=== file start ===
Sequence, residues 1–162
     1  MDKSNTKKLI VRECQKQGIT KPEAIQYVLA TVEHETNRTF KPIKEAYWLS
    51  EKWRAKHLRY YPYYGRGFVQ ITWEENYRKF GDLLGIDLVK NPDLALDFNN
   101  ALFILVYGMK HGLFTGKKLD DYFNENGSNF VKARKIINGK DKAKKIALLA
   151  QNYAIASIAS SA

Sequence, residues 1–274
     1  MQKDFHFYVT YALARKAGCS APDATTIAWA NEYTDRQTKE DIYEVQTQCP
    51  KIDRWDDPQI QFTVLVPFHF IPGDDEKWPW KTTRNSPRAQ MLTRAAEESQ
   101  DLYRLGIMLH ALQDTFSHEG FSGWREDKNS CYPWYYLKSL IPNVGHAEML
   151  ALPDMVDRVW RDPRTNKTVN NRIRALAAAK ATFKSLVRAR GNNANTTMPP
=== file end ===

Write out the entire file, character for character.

Sequence, residues 1–162
     1  MDKSNTKKLI VRECQKQGIT KPEAIQYVLA TVEHETNRTF KPIKEAYWLS
    51  EKWRAKHLRY YPYYGRGFVQ ITWEENYRKF GDLLGIDLVK NPDLALDFNN
   101  ALFILVYGMK HGLFTGKKLD DYFNENGSNF VKARKIINGK DKAKKIALLA
   151  QNYAIASIAS SA

Sequence, residues 1–274
     1  MQKDFHFYVT YALARKAGCS APDATTIAWA NEYTDRQTKE DIYEVQTQCP
    51  KIDRWDDPQI QFTVLVPFHF IPGDDEKWPW KTTRNSPRAQ MLTRAAEESQ
   101  DLYRLGIMLH ALQDTFSHEG FSGWREDKNS CYPWYYLKSL IPNVGHAEML
   151  ALPDMVDRVW RDPRTNKTVN NRIRALAAAK ATFKSLVRAR GNNANTTMPP